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 Table of Contents  
ORIGINAL ARTICLE
Year : 2016  |  Volume : 33  |  Issue : 2  |  Page : 238-242

Choice of contraception after previous operative delivery at a family planning clinic in Northern Nigeria


1 Department of Obstetrics and Gynaecology, Faculty of Medicine, Kaduna State University, Kaduna, Nigeria
2 Department of Obstetrics and Gynaecology, College of Health Sciences, Benue State University, Makurdi, Nigeria

Date of Web Publication13-Oct-2016

Correspondence Address:
Amina Mohammed-Durosinlorun
Department of Obstetrics and Gynaecology, Faculty of Medicine, Kaduna State University, Kaduna
Nigeria
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Source of Support: None, Conflict of Interest: None


DOI: 10.4103/0189-5117.192236

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  Abstract 

Context: Effective contraceptive use is important after a caesarean or operative delivery because of the possible risks a woman may face in subsequent pregnancies.
Objectives: The objective of the present study was to determine the uptake and choices of contraception among women with previous operative delivery.
Materials and Methods: A retrospective study was conducted at the Barau Dikko Teaching Hospital from 1 st January, 2000 to 31 st March, 2014. Family planning cards were retrieved, and relevant information was collected and analyzed using the Statistical Package for Social Sciences version 15. Chi-square test was used as a test of association, with significance level established at a P value of < 0.05.
Results: Of the 5992 cards retrieved, 164 (2.7%) had previous operative delivery; 152 caesarean sections and 12 laparotomies for ruptured uterus. Only 17.7% initiated contraception within 6 months. More women were spacers (86.6%) rather than limiters (13.4%). Age, education, religion, parity, prior contraception, and interval from the last delivery were significantly associated with the current choice of contraception (P < 0.05), whereas breast feeding status was not (P > 0.05). Overall, when comparing the pattern among those with a previous operative delivery and those without, there was no significant difference between both the groups; injectables was the most popular method chosen followed by intrauterine devices, oral contraceptive pills, and implants.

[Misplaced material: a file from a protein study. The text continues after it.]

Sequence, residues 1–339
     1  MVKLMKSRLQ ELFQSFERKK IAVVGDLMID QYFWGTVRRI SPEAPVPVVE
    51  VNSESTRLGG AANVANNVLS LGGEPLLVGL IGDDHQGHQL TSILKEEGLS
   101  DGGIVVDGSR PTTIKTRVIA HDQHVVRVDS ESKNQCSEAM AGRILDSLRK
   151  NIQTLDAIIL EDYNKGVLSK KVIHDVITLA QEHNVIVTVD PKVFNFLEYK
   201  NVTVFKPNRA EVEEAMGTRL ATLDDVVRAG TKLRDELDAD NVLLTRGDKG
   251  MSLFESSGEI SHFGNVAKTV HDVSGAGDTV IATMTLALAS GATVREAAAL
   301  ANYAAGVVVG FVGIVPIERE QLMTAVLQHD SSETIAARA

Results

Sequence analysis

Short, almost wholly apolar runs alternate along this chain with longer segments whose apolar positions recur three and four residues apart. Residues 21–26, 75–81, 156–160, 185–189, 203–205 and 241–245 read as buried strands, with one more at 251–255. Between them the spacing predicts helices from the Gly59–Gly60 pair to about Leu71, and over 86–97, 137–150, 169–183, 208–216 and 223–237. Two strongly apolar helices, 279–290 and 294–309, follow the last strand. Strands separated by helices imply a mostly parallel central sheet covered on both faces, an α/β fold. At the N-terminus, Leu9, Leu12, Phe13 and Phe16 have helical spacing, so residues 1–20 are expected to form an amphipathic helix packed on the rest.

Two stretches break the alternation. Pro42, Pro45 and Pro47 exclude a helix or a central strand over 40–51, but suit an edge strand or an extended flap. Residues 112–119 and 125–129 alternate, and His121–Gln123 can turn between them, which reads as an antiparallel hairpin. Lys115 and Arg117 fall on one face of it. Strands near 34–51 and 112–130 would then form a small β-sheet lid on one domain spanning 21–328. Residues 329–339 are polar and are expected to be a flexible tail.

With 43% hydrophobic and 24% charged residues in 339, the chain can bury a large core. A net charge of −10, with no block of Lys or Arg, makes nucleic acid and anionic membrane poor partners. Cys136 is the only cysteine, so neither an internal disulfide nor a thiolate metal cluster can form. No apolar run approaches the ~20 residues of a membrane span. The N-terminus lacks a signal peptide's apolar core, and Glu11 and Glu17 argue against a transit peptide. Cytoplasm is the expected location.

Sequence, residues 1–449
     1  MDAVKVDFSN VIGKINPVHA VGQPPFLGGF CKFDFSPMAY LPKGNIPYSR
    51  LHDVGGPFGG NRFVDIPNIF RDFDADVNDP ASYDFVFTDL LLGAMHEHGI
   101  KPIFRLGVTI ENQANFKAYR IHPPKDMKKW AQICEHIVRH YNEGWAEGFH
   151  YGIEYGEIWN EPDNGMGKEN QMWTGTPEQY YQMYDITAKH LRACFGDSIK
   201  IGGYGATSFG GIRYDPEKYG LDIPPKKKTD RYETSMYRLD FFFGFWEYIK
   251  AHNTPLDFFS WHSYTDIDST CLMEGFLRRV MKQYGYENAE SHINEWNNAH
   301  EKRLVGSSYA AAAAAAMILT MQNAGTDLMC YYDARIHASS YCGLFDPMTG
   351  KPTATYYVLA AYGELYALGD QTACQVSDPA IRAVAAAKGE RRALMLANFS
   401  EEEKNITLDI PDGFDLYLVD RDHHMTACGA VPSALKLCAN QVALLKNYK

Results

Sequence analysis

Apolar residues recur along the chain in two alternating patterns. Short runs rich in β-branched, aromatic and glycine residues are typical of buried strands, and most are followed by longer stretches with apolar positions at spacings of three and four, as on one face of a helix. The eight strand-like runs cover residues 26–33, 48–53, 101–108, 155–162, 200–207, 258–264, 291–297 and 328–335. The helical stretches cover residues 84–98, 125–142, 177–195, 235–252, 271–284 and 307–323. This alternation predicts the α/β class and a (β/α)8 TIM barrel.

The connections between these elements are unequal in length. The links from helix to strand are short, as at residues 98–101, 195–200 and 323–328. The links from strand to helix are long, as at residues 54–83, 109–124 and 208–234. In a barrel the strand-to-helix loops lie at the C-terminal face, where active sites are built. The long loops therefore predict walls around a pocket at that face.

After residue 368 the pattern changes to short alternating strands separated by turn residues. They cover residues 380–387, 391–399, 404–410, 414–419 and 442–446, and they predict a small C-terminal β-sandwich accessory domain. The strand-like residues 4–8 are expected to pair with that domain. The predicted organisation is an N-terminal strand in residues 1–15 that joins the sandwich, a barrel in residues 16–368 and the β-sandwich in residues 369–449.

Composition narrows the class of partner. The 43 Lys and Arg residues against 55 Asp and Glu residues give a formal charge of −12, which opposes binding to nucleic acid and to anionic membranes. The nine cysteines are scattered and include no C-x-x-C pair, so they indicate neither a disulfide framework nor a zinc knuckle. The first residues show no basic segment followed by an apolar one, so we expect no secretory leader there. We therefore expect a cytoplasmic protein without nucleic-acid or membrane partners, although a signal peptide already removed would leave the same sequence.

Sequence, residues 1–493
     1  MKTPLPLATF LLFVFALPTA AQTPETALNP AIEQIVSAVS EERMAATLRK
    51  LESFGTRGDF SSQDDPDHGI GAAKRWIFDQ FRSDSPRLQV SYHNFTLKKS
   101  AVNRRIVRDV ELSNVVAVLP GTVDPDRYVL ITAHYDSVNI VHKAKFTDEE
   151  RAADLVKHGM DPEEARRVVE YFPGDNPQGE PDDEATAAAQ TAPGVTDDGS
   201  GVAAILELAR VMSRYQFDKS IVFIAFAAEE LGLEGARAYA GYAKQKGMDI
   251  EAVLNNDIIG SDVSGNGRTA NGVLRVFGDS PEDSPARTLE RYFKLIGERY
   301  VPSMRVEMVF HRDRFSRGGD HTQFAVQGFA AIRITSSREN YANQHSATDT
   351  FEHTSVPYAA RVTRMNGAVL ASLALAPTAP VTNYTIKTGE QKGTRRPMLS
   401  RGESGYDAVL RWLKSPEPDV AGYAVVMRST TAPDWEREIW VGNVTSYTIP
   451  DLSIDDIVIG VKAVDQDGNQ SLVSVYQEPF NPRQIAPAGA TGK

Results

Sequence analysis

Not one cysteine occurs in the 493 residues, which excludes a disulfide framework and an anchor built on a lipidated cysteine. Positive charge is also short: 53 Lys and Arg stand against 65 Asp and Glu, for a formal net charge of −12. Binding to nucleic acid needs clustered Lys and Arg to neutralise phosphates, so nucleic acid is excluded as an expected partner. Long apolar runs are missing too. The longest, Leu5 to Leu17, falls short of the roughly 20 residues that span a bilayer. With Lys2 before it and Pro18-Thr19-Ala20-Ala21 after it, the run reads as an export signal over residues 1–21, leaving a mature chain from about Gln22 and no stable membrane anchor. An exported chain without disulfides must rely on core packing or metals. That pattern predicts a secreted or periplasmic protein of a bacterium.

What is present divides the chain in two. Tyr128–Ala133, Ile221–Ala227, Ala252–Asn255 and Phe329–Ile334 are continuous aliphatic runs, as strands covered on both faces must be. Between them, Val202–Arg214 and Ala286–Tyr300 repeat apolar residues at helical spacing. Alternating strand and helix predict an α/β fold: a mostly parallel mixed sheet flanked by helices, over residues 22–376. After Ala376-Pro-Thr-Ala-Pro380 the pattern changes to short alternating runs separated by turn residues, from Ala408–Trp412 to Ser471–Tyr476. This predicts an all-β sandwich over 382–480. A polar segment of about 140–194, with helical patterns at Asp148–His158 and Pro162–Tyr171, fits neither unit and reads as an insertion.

Conclusion: Most women with a previous operative delivery were at risk of unwanted pregnancies because they did not initiate contraception within 6 months of their last delivery. Their preferred forms of contraception were injectables and intrauterine devices, which was not significantly different from the methods chosen by other women.

Keywords: Contraception; family planning; northern Nigeria; previous caesarean; previous operative delivery.


How to cite this article:
Mohammed-Durosinlorun A, Adze J, Bature S, Mohammed C, Taingson M, Abubakar A, Ojabo A, Airede L. Choice of contraception after previous operative delivery at a family planning clinic in Northern Nigeria. Trop J Obstet Gynaecol 2016;33:238-42

How to cite this URL:
Mohammed-Durosinlorun A, Adze J, Bature S, Mohammed C, Taingson M, Abubakar A, Ojabo A, Airede L. Choice of contraception after previous operative delivery at a family planning clinic in Northern Nigeria. Trop J Obstet Gynaecol [serial online] 2016 [cited 2019 Oct 23];33:238-42. Available from: http://www.tjogonline.com/text.asp?2016/33/2/238/192236


  Introduction Top


Caesarean section is one of the most common surgical procedures performed worldwide for various indications. [1],[2] Caesarean section rates have generally been on an increase worldwide. [1] In Nigeria, the caesarean section rate (CSR) is variable. A previous study at the teaching hospital in Zaria estimated the overall CSR to be 11.94% and primary CSR as 8.71%. [1] Higher rates have been quoted in other parts of the country; in Enugu, CSR has been reported to be 27.6%, [3] in Oshogbo 35.5% [2] and in Maiduguri 11.8. [4]